"A Baby Was an Added Burden": Predictors and consequences of unintended pregnancies for female sex workers in Mombasa, Kenya: a mixed-methods study

 

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dc.contributor.author Luchters, Stanley en_ZA
dc.contributor.author Bosire, Wilkister en_ZA
dc.contributor.author Feng, Amy en_ZA
dc.contributor.author Richter, Marlise L en_ZA
dc.contributor.author King'ola, Nzioki en_ZA
dc.contributor.author Ampt, Frances en_ZA
dc.contributor.author Temmerman, Marleen en_ZA
dc.contributor.author Chersich, Matthew F en_ZA
dc.date.accessioned 2016-10-31T07:43:58Z
dc.date.available 2016-10-31T07:43:58Z
dc.date.issued 2016 en_ZA
dc.identifier.citation Luchters, S., Bosire, W., Feng, A., Richter, M. L., King’ola, N., Ampt, F., ... & Chersich, M. F. (2016)."A Baby Was an Added Burden": Predictors and consequences of unintended pregnancies for female sex workers in Mombasa, Kenya: a mixed-methods study. PloS one, 11(9), e0162871. doi:10.1371/journal.pone.0162871 en_ZA
dc.identifier.uri http://dx.doi.org/10.1371/journal.pone.0162871 en_ZA
dc.identifier.uri http://hdl.handle.net/11427/22378
dc.description.abstract Introduction Female sex workers (FSW) have high rates of unintended pregnancy, sexually transmitted infections including HIV, and other adverse sexual and reproductive health outcomes. Few services for FSWs include contraception. This mixed-methods study aimed to determine the rate, predictors and consequences of unintended pregnancy among FSWs in Mombasa, Kenya. METHODS: A prospective cohort study of non-pregnant FSWs was conducted. Quantitative data were collected quarterly, including a structured questionnaire and testing for pregnancy and HIV. Predictors of unintended pregnancy were investigated using multivariate logistic regression. Qualitative data were gathered through focus group discussions and in-depth interviews with FSWs who became pregnant during the study, and interviews with five key informants. These data were transcribed, translated and analysed thematically. RESULTS: Four hundred women were enrolled, with 92% remaining in the cohort after one year. Fifty-seven percent reported using a modern contraceptive method (including condoms when used consistently). Over one-third (36%) of women were using condoms inconsistently without another method. Twenty-four percent had an unintended pregnancy during the study. Younger age, having an emotional partner and using traditional or no contraception, or condoms only, were independent predictors of unintended pregnancy. Women attributed pregnancy to forgetting to use contraception and being pressured not to by clients and emotional partners, as well as "bad luck". They described numerous negative consequences of unintended pregnancy. CONCLUSION: Modern contraceptive uptake is surprisingly low in this at-risk population, which in turn has a high rate of unintended pregnancy. The latter may result in financial hardship, social stigma, risk of abandonment, or dangerous abortion practices. FSWs face considerable barriers to the adoption of dual method contraceptive use, including low levels of control in their emotional and commercial relationships. Reproductive health services need to be incorporated into programs for sexually transmitted infections and HIV, which address the socially-determined barriers to contraceptive use. en_ZA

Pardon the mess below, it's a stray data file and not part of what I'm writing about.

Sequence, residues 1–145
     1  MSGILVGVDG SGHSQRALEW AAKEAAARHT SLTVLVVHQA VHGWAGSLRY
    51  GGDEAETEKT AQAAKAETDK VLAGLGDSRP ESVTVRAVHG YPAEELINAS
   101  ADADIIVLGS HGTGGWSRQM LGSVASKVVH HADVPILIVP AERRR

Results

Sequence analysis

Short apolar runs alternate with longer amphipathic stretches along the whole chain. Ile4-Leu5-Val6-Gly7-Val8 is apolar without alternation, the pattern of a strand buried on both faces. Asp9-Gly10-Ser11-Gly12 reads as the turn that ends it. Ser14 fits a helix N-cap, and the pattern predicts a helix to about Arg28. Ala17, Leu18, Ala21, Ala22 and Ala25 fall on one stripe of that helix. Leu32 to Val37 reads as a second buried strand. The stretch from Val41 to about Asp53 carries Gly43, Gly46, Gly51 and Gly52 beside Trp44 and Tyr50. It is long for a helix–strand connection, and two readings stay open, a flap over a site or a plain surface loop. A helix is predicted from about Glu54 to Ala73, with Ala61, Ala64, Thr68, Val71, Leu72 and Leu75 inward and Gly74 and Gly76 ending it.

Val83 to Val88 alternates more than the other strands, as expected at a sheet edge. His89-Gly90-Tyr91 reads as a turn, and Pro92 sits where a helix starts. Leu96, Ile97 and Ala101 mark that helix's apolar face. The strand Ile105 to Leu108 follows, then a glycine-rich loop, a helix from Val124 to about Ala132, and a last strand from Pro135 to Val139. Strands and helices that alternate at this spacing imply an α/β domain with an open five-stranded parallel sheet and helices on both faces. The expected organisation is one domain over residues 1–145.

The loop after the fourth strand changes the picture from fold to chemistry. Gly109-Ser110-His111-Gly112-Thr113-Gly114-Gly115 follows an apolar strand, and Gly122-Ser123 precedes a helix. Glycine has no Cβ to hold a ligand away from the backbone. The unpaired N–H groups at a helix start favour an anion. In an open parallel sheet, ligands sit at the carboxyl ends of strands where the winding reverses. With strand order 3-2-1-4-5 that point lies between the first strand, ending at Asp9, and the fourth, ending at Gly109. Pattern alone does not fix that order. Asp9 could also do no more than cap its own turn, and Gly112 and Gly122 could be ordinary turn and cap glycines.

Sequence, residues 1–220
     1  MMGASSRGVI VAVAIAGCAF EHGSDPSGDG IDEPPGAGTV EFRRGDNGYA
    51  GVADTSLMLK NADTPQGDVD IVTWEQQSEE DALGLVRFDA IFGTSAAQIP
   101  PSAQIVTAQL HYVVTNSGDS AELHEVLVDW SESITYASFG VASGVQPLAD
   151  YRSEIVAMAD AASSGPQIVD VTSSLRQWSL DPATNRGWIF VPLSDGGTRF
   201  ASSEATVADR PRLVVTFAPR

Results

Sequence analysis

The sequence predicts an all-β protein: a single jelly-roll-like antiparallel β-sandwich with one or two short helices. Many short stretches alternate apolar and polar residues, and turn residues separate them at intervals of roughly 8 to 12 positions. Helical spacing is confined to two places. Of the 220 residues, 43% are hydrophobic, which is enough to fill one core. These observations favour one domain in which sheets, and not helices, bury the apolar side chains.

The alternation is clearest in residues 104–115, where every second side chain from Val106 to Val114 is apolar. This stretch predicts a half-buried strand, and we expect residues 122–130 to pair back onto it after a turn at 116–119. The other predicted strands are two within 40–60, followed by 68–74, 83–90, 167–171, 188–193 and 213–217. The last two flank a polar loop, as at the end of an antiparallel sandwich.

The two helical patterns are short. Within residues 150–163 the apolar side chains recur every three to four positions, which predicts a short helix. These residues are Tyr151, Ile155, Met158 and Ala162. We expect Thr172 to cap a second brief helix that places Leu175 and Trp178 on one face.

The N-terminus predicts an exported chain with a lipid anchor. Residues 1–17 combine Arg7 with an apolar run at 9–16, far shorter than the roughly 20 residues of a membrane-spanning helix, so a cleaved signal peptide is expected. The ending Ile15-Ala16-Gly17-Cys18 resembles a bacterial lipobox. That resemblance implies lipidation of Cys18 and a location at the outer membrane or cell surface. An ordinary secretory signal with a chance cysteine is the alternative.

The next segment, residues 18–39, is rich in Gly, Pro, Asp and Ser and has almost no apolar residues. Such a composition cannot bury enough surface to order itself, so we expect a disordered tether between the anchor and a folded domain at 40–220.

dc.language.iso eng en_ZA
dc.publisher Public Library of Science en_ZA
dc.rights This is an open access article distributed under the terms of the Creative Commons Attribution License, which permits unrestricted use, distribution, and reproduction in any medium, provided the original author and source are credited. en_ZA
dc.rights.uri http://creativecommons.org/licenses/by/4.0 en_ZA
dc.source PLoS One en_ZA
dc.source.uri http://journals.plos.org/plosone en_ZA
dc.subject.other Pregnancy en_ZA
dc.subject.other Female contraception en_ZA
dc.subject.other Male contraception en_ZA
dc.subject.other Sex work en_ZA
dc.subject.other Termination of pregnancy en_ZA
dc.subject.other Contraception en_ZA
dc.subject.other Contraceptives en_ZA
dc.subject.other Sex workers en_ZA
dc.title "A Baby Was an Added Burden": Predictors and consequences of unintended pregnancies for female sex workers in Mombasa, Kenya: a mixed-methods study en_ZA
dc.type Journal Article en_ZA
dc.rights.holder © 2016 Luchters et al en_ZA
uct.type.publication Research en_ZA
uct.type.resource Article en_ZA
dc.publisher.institution University of Cape Town
dc.publisher.faculty Faculty of Health Sciences en_ZA
dc.publisher.department Department of Public Health and Family Medicine en_ZA
uct.type.filetype Text
uct.type.filetype Image


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This is an open access article distributed under the terms of the Creative Commons Attribution License, which permits unrestricted use, distribution, and reproduction in any medium, provided the original author and source are credited. Except where otherwise noted, this item's license is described as This is an open access article distributed under the terms of the Creative Commons Attribution License, which permits unrestricted use, distribution, and reproduction in any medium, provided the original author and source are credited.